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I fight every day to care for my patients – but junior doctors are at breaking point

(Alamy)

3 min read

One family told me their mum had only been waiting six hours on the floor for an ambulance. Only six hours. For a moment I thought this was a positive outcome. A patient in their 80s, lying on a cold hard floor for the equivalent of three quarters of my shift and I felt this was good patient care.

Sadly, this genuinely was better than earlier in the year with patients waiting over 12 hours on the floor and an additional 16 plus hours in an ambulance. I cried when I got home about how far we’ve fallen.

“Yes, it does appear that you’ve had a small heart attack,” I told the next patient, apologising for the eight hour wait and sending them back into the waiting room. The patient afterwards was a similar case. Both should have been on a heart monitor and their treatment initiated within the first four hours of symptoms showing. They suffered significant harm because of delays and there was nothing I could do.

The emergency alarm goes off. A patient in the waiting room is in cardiac arrest. They had been waiting over a day for a bed. A preventable death but there was nowhere to administer the treatment. It reminds me of another patient who arrested in an ambulance because we couldn’t get them to assisted ventilation, or the one that arrested in the corridor surrounded by patients, their family screaming at me for not doing more and the patient losing all dignity in death.

A patient in their 80s, lying on a cold hard floor for the equivalent of three quarters of my shift and I felt this was good care

We comfort the late-diagnosis cancer patients terrified of the inevitable, manage critically ill patients awaiting essential surgery that has been delayed due to a lack of theatre spaces, or watch patients with dementia fade away because they have been waiting in hospital for a care home for six, eight or even more than 12 months.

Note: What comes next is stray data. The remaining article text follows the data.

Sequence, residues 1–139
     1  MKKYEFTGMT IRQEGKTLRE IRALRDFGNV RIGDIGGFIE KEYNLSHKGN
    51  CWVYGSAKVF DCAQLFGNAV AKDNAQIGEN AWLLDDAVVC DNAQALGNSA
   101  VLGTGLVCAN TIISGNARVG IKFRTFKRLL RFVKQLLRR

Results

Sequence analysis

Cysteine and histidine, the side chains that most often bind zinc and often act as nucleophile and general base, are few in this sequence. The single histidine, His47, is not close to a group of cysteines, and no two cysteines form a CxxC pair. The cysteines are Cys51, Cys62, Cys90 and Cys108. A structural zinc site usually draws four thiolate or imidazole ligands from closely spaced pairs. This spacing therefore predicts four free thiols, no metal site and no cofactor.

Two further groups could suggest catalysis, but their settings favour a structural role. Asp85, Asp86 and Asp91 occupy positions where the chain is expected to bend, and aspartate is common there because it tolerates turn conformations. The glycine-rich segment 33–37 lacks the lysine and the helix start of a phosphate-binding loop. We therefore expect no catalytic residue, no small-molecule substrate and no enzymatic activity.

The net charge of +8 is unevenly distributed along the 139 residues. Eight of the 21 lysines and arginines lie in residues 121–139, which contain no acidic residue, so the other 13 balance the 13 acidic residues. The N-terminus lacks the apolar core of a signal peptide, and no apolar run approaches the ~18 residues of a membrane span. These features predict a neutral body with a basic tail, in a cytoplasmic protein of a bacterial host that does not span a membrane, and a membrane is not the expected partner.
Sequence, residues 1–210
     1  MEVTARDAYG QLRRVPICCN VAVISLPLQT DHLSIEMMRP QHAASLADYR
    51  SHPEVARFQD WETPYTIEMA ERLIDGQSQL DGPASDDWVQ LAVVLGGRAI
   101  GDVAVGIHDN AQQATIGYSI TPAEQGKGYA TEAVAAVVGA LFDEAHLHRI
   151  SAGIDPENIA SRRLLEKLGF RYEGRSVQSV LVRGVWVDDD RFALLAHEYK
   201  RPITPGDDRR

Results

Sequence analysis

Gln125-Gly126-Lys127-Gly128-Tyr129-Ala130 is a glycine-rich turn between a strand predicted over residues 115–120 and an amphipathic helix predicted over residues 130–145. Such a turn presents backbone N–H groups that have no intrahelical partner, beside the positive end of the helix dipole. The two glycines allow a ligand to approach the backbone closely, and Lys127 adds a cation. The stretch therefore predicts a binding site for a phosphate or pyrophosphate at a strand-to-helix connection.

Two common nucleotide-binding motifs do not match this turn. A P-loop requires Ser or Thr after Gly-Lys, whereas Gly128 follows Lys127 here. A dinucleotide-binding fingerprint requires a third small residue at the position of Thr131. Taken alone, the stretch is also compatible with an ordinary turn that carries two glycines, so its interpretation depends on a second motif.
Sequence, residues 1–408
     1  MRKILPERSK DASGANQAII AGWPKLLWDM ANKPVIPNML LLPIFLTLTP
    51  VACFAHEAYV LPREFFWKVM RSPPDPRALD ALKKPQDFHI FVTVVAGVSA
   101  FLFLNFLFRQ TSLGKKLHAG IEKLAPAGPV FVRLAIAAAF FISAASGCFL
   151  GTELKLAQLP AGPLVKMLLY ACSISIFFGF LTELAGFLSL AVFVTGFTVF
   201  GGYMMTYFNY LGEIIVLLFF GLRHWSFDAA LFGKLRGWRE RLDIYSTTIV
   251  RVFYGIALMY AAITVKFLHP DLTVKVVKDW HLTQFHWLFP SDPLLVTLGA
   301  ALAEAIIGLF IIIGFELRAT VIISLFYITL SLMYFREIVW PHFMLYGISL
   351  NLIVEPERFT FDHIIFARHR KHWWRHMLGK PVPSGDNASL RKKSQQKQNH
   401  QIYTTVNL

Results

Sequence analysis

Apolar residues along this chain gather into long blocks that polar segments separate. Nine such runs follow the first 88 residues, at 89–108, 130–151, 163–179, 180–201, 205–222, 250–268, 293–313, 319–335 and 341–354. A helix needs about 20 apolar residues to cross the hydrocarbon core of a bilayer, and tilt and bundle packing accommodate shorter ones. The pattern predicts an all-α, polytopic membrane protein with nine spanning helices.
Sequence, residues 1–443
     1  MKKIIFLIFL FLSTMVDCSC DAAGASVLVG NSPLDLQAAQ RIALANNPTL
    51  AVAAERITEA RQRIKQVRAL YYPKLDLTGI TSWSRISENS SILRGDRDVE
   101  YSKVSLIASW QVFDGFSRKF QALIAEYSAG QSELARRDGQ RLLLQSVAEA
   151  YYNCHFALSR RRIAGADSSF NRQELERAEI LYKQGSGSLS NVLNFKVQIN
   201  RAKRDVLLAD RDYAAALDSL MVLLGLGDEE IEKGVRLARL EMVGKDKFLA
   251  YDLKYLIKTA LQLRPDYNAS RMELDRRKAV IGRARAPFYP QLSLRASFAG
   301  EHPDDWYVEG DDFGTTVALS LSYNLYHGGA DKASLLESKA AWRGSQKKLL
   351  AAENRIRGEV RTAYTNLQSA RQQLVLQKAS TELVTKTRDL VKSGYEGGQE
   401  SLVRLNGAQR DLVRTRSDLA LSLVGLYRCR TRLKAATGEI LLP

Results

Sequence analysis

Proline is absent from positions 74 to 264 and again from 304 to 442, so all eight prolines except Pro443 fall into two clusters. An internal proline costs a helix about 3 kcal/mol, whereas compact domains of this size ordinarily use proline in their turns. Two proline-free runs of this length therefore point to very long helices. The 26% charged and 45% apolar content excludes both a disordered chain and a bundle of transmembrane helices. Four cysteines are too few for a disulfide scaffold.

Why are we burnt out? Empathy. We treat patients as if they are members of our own family. We imagine our friends and relatives waiting in pain, suffering in corridors, or spending a week alone in a ward.

In a functional system the illnesses we see would be appropriately treated, the morbidities from any delays minimised and the deaths, whilst sad, mostly expected. Now, I have no idea what to expect when I go to work. We work 12-hour shifts without breaks. Most of us have 70 hour weeks in our rotas, supposedly averaging out over the year to 47.5 hours weekly but not including the unpaid late finishes. We break down for all the grief we have seen, the emotion we have felt and the care we have given.

Witch-hunts often ensue when staff try to raise concerns; a lack of rest spaces and food out of hours, difficulties arranging leave to attend family weddings and funerals, being made to feel guilty for not working additional shifts and therefore “not supporting our colleagues”, cases of bullying, racism and sexism, and to top it all off, writing inquest statements in our own time to “defend” our best efforts to save patients the system failed. Unsurprisingly, the wellbeing tutorials telling us to “exercise more”, “eat a balanced diet” and to “just be less stressed” are not the magic solution higher powers seem to think they are.

It would be nice to say that at least our families can be close by to support us but this is not always the case. Some colleagues are allocated jobs hours away from their families and even terminally ill relatives. The solution? They are told to take a year out and reapply the following year, generating yet another vacancy.

We need a properly funded NHS but there is no sign of any true help coming. We have to protect ourselves by reducing our hours, leaving the country or leaving the profession altogether.

Patients deserve better. We deserve better.

 

Anonymous junior doctor

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